December 03, 2010 - Anonymous

Clear staff pay policy needed for snow days

Employers who intend to dock the pay of staff who can’t make it into work during the wintry conditions must make it clear part of their policy, law firms have warned.

Snowfall of up to 30 cm has fallen across the UK, causing widespread disruption to travel. The Met Office has issued heavy snow warnings for Yorkshire and Humber, north-east and south-west England, the East, East Midlands, London and the South East.

Law firm Ralli’s employment solicitor, Jennifer Smith, said that if an employment contract does not make it clear that the employee won’t be paid if they can’t get into work, a deduction of pay is unauthorised.

She added that employers should consider flexible working to ensure staff safety. “Employers have a duty of care to their employees and a potential liability may exist if staff are pressurised into travelling in dangerous conditions,” said Smith.

During the snowy weather in early 2010, many small firms allowed their staff time off on full pay. However, Employment Law Advisory Services business compliance specialist, Peter Mooney, said that although employees have no legal right to pay if they cannot make it to work, employers need to include this in staff contracts in order for it to apply.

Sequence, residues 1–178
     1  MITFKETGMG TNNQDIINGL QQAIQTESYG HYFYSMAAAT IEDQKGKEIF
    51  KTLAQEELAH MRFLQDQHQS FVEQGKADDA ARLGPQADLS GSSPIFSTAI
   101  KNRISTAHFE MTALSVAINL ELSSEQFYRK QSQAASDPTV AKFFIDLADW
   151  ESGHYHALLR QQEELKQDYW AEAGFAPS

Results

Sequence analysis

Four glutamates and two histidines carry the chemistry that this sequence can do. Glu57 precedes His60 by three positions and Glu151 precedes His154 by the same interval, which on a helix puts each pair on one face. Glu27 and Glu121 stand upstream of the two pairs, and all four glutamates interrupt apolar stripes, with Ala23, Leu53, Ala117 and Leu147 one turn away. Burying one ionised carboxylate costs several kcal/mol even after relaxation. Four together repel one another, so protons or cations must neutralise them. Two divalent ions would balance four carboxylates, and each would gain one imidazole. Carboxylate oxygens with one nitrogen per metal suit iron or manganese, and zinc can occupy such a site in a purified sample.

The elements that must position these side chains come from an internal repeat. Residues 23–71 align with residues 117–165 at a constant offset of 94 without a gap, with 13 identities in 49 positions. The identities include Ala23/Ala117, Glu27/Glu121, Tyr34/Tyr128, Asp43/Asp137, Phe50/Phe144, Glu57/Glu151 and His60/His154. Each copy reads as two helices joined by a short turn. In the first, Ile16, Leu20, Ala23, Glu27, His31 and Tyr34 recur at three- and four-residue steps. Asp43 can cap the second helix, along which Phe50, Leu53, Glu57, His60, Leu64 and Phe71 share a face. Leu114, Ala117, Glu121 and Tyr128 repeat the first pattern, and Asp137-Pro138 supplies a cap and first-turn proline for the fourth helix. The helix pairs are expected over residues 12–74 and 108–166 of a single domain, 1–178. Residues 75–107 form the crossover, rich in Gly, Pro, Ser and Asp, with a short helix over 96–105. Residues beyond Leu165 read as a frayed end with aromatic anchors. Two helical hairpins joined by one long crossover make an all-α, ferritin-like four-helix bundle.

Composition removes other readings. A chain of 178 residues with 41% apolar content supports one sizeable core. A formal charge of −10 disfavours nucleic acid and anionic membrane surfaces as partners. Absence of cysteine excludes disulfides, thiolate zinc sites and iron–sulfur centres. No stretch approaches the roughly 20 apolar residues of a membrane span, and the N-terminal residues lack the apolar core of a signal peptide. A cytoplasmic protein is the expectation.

“The law is very simple when it comes to the weather – if you don’t turn up to work and you’re not ill, you have no right to be paid,” he said. “But earlier this year most employers took a more balanced view and said that providing staff had made a genuine attempt to make it into work, and could not work from home, they were allowed the time off on full pay.

“Unfortunately, in doing so, they have set themselves a precedent which they will need to follow unless they amend their contracts to incorporate a new and more stringent bad weather policy,” he added.

Acas director Jerry Gibson said that employers should review their policies and put in place an “adverse weather” or “journey into work” section to avoid confusion over issues such as staff pay. “We would encourage employers to be as flexible as they can while still being able to run their business or workplace,” he said.